Slovak Invasion

In September 1939, as Nazi Germany launched its brutal invasion of Poland, the recently-formed Slovak Republic joined in the attack. Field Army Bernolák, comprised of three divisions and boasting over 50,000 soldiers, was unleashed upon the hapless Poles.

With most of the Polish forces preoccupied with the German armies advancing from the north, the Slovak invasion met only feeble resistance. The result was a swift and devastating victory, with the Slovaks suffering minimal losses in the process.

While the Slovak contribution to the invasion may have been small in comparison to the German war machine, it nonetheless served as a stark reminder of the dangers of collaboration with tyrants and aggressors. The Slovaks may have believed that their actions would bring them closer to their German allies, but in reality, they only served to further embolden the Nazi war machine and bring untold suffering to the people of Poland.

As the world looked on in horror at the unfolding events in Poland, it became clear that the invasion was not just an attack on a sovereign nation, but an assault on the very values of freedom, democracy, and human dignity. The Slovak invasion may have been a minor footnote in the larger conflict, but it was a dark chapter in the history of a nation that had once fought for its own independence and freedom.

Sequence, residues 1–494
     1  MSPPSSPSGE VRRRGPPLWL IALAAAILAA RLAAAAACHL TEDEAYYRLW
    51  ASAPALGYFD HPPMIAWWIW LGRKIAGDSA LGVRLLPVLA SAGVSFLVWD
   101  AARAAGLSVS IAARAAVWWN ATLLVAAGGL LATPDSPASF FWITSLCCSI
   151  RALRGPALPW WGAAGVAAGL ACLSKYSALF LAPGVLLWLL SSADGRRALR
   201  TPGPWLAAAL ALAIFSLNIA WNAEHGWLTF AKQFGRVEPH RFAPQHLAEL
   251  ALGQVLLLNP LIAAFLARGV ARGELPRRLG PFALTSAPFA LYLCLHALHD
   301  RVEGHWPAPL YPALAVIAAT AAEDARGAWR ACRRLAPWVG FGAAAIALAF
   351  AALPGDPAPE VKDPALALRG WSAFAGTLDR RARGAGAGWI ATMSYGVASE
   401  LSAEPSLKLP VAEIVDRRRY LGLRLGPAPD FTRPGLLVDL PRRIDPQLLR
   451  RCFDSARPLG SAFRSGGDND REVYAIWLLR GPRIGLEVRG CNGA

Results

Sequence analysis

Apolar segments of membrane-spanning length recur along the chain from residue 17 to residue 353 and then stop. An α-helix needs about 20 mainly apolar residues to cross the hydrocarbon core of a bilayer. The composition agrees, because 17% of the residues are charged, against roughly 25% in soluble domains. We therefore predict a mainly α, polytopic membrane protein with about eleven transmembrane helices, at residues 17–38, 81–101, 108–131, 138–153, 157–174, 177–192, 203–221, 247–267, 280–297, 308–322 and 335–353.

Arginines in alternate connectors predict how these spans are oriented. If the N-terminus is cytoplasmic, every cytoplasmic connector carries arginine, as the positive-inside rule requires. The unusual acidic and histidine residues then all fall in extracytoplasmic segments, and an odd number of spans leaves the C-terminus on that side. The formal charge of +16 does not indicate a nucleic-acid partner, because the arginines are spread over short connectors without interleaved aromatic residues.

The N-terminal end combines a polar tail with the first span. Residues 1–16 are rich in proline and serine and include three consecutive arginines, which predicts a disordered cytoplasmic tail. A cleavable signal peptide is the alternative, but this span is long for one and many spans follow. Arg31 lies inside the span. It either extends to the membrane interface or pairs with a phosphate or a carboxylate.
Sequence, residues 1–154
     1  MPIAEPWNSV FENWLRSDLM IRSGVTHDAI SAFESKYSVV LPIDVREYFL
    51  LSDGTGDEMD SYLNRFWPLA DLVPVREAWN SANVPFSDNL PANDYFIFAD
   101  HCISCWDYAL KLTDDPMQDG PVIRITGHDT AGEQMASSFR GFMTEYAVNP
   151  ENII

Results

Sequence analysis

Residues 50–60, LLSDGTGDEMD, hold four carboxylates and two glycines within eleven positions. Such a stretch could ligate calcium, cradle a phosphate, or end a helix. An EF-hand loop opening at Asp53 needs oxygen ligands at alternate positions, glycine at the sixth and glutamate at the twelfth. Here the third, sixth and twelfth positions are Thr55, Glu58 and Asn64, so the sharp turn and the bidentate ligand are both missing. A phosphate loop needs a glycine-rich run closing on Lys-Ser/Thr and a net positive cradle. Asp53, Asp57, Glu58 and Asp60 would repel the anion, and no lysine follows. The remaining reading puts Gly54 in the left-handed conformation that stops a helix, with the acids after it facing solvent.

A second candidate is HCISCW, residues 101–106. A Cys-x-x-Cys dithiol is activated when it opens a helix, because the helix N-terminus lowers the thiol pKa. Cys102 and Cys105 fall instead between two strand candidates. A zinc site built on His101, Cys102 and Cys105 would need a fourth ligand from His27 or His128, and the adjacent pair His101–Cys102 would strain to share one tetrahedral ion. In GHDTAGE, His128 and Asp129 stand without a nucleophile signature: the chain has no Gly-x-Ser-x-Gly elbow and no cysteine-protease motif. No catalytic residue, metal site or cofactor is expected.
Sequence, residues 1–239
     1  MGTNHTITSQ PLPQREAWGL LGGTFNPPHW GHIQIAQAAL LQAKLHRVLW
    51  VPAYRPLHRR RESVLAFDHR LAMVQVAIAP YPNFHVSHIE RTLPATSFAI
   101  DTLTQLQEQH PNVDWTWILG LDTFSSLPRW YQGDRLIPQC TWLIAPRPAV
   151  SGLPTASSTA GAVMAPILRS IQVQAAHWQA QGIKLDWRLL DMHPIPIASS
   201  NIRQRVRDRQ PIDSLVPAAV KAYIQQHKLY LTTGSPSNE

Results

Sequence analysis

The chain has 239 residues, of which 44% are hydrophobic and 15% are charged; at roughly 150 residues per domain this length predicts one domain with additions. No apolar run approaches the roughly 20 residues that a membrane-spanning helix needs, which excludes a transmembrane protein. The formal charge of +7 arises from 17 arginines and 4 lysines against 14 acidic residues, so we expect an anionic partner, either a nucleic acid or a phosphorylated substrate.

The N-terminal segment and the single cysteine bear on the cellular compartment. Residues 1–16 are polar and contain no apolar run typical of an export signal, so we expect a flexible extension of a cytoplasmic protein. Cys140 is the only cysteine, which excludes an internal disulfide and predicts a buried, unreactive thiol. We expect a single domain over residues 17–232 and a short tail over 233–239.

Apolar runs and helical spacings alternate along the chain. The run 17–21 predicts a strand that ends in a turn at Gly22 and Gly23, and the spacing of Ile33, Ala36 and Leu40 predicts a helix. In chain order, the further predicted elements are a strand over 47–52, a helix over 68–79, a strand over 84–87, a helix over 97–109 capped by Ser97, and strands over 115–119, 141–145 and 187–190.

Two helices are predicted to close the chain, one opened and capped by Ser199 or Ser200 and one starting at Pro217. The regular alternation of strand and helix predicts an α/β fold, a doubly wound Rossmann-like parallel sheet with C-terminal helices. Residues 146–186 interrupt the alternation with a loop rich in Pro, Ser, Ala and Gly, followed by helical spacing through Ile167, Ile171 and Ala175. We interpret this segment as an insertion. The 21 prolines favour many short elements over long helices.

The Slovak plans

In March 1939, the Slovak State was created under the thumb of Germany, prompting the partition of Czechoslovakia. The region of southern Slovakia, home to a significant Hungarian population, had previously been part of the Kingdom of Hungary, and was annexed by the Royal Hungarian Army following the First Vienna Award in November 1938.

The official justification for Slovakia's involvement in the Polish Campaign was a disputed territory along the Poland-Slovakia border. This land had been seized by Poland on October 1, 1938, following the Munich Agreement the previous month. Furthermore, some Polish leaders supported Hungary's efforts to incorporate areas with a mostly Hungarian population.

In July 1939, during confidential talks with Germany, the Slovak government agreed to participate in Germany's upcoming invasion of Poland and to permit Germany to use Slovak territory as a staging ground for its troops.

On August 26, Slovakia mobilized its armed forces and created a new field army, codenamed "Bernolák," with 51,306 soldiers. Additionally, 160,000 reservists were called up, with 115,000 being drafted by September 20, 1939.

Under the command of Slovak Defence Minister Ferdinand Čatloš, the Bernolák army group was established and headquartered in Spišská Nová Ves. It was composed of three infantry divisions and a motorized unit: the 1st Infantry Division "Jánošík" led by Anton Pulanich, the 2nd Infantry Division "Škultéty" led by Alexander Čunderlík, the 3rd Infantry Division "Rázus" led by Augustín Malár, and the motorized unit "Kalinčiak" which was not deployed in time for the campaign.